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Paycheck Protection and the Pandemic

Econ Focus
Fourth Quarter 2021
Policy Update

In March 2020, as COVID-19 rippled across the globe, small-business owners found the U.S. economy pivoting from a boom to a crisis. Aware of the mounting challenges these businesses faced, Congress quickly passed legislation that allocated $350 billion to an initiative called the Paycheck Protection Program, or PPP. In late April, Congress passed an additional $320 billion in funding after the initial amount was exhausted. The PPP was intended to help business owners sustain their employees' wages during the pandemic. Set up as a guaranteed loan program, it allowed eligible firms to apply for support through banks while the U.S. Small Business Administration (SBA) approved loans and forgiveness. Loans could be forgiven if no more than 25 percent of the loan amount went toward nonpayroll costs and if the firm did not cut pay or employment counts.

The PPP was an exceptionally large-scale fiscal intervention, and economists are eager to understand its efficacy. Several teams of economists have conducted research on its effects using different types of analyses.

Our Related Research

"Bank Lending in the Time of COVID," Economic Brief No. 21-05, Feb. 2021

"The Employment Recovery of Small and Large Employers," Nov. 12, 2020

"The Fed's Emergency Lending Evolves," Econ Focus, Second/Third Quarter 2020

A paper by David Autor of the Massachusetts Institute of Technology and others, released in July 2020, examined the PPP's efficacy in maintaining employment at small firms. They used administrative data from ADP, a provider of payroll services, to measure and contrast weekly employment changes of firms above and below the PPP eligibility threshold within narrow industry and state groups. The program's eligibility threshold was determined by firm size — in most industries, firms with more than 500 employees were ineligible for the program. According to their estimates, the level of employment at PPP-eligible firms was 2 percent to 4.5 percent higher than at noneligible firms. Aggregating these results across all eligible firms, the PPP would have helped maintain U.S. payroll employment for about 2.3 million workers through the first week of June 2020. Although this work was preliminary, and the authors intend to refine their analysis and interpretation once better data become available, these initial results suggest the PPP was moderately effective in preserving small-business employment.

Research by Alexander Bartik of the University of Illinois Urbana-Champaign and others, also released in July 2020, found similar evidence of the beneficial effects of the PPP, but they approached the issue from a different perspective and used different data. Trying to understand the effectiveness of a program where private actors distribute public resources, they compared firms that received loans in the first wave (before April 16) of the PPP to firms that received loans in the second wave (after April 24). Their work relied on survey data from small-business network Alignable, which contained information on the business owners' PPP application status, employment and payroll characteristics, and operational expectations. Results of their analysis indicated that providing firms loans promptly made a big difference in program efficacy; firms receiving a PPP loan in the first round self-reported an increase in survival probabilities ranging from 9 percentage points to 23 percentage points, resulting in fewer small-business closures. In addition, they showed that PPP approval appeared to increase employment and that banks effectively allocated funds but were somewhat biased toward better-connected firms.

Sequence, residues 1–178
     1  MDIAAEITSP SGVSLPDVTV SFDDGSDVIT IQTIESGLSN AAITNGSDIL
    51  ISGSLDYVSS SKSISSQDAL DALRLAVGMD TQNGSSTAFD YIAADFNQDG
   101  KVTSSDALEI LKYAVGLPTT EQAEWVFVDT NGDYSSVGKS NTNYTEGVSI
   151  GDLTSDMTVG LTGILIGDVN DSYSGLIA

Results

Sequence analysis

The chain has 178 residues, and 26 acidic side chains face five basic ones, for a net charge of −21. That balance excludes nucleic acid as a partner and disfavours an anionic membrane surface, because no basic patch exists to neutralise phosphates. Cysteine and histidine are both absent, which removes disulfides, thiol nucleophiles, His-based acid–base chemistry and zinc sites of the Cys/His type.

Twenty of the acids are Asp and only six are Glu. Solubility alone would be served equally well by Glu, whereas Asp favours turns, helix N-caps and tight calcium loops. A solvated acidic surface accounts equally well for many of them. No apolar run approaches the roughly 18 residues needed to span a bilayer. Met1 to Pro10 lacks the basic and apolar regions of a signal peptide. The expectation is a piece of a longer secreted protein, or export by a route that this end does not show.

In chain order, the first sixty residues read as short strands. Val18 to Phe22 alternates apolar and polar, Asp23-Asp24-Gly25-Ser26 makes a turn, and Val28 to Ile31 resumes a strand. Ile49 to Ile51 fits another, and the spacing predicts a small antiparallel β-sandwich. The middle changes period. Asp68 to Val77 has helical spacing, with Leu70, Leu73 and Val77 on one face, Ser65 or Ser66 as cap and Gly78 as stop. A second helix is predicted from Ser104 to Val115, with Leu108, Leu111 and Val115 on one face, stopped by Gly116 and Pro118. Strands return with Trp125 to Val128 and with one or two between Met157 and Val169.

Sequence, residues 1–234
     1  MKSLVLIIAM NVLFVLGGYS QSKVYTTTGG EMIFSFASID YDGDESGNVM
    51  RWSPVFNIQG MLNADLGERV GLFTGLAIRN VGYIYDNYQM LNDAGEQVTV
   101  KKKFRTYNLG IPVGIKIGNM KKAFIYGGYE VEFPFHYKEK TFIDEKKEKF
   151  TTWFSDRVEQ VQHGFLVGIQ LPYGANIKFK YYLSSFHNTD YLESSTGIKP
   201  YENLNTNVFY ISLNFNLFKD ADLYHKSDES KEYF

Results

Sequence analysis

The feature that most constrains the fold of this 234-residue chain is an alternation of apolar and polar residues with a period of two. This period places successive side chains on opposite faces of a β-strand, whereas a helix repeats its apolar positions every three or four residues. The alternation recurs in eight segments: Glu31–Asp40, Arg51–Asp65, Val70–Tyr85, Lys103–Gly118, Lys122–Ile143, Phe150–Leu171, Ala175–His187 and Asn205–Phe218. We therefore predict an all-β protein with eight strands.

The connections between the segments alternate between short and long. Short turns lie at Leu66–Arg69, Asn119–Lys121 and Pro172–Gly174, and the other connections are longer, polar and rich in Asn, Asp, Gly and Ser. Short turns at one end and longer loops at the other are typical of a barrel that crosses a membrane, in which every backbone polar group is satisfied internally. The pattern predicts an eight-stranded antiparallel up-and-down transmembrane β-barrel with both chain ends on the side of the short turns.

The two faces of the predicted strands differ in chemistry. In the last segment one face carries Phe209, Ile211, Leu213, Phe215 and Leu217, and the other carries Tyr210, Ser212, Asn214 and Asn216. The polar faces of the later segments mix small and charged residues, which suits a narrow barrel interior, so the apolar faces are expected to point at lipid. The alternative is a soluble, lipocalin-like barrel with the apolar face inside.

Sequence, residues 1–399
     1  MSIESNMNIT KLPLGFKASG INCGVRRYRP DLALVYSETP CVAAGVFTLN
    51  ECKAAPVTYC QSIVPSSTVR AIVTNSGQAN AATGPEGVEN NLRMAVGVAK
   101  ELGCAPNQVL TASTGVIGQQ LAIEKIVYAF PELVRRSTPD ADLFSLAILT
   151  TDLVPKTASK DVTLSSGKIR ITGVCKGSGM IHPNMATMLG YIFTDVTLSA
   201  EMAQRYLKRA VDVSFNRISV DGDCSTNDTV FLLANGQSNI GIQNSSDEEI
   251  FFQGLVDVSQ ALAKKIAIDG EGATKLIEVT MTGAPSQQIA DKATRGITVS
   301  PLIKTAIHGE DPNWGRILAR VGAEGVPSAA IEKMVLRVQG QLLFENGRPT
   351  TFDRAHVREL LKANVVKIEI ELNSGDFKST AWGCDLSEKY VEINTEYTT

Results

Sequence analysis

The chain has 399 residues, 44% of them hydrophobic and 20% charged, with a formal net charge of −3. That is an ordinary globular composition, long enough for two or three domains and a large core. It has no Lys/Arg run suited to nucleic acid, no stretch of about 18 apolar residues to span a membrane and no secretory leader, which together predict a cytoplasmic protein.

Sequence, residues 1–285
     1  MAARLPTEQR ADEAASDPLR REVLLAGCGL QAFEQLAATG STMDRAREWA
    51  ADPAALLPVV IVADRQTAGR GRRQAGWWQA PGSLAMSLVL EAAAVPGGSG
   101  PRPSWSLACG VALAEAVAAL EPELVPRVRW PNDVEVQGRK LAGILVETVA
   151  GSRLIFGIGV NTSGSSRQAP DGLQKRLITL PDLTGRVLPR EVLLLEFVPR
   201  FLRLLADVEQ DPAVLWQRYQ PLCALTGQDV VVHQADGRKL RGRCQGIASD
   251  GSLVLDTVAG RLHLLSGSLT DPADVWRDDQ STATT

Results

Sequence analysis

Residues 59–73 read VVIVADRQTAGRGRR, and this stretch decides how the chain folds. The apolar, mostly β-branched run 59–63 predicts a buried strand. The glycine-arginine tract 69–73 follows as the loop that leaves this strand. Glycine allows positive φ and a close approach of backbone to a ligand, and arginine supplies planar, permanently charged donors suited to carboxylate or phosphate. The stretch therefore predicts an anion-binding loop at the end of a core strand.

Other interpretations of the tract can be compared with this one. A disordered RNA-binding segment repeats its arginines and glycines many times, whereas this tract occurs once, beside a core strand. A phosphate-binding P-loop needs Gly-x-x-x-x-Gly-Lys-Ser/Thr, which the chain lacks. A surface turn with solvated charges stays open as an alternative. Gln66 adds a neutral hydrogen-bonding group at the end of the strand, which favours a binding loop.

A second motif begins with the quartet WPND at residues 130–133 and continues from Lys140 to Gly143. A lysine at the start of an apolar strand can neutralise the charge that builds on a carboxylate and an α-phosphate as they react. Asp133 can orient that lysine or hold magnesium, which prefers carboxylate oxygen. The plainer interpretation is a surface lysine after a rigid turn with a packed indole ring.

Finally, work released by João Granja of the University of Chicago Booth School of Business and others in May 2020 found small effects from the PPP on local economic outcomes and business shutdowns following the pandemic, and only modest positive effects on employment outcomes. They used the SBA's loan-level microdata for all PPP loans approved under the program and combined this data with Call Reports from all active commercial banks, Homebase software data on employment indicators, Opportunity Insights data on county-level employment, and Womply data on small business revenues. Examining the flow of PPP funds across the country, they contrasted changes in local employment and economic outcomes in regions with high versus low PPP exposure. They also examined the role that banks played in distributing loans but reached a different conclusion from the Bartik group, finding that funds were not well-targeted to areas most adversely affected by the pandemic. In general, their results indicated that the program's short- and medium-term effects on employment were small relative to the program's size, but that funding did contribute to firms' financial stability. In the future, they argued, the PPP's effectiveness in preventing permanent business closures may result in more pronounced positive employment effects.

Overall, the studies indicate that the PPP helped prevent small-business shutdowns and, to a lower degree, helped sustain employment. But evidence suggests that PPP funds were not consistently distributed to the highest-need firms. As more data emerge, economists will continue to explore the effectiveness of the PPP and its implications for future fiscal interventions.

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David A. Price (804) 697-8018